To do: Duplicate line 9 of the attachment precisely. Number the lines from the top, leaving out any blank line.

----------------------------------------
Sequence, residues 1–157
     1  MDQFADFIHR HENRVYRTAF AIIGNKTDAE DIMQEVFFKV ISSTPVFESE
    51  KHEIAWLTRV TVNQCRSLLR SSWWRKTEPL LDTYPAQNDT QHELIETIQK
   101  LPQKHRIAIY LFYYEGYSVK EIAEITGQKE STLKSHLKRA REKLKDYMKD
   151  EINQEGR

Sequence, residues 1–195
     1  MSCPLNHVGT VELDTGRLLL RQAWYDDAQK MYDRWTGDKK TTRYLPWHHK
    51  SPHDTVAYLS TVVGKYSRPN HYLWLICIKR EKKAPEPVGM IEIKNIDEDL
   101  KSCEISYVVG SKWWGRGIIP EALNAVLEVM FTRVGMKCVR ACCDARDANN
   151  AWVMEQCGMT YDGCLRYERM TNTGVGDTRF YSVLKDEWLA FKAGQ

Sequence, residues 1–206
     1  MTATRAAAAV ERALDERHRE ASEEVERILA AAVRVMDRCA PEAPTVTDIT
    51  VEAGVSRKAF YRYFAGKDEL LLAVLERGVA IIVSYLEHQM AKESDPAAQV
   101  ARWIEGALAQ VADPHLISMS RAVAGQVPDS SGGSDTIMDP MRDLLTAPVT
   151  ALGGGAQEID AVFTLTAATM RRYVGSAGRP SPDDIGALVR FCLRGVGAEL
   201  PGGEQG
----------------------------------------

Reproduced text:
   101  KSCEISYVVG SKWWGRGIIP EALNAVLEVM FTRVGMKCVR ACCDARDANN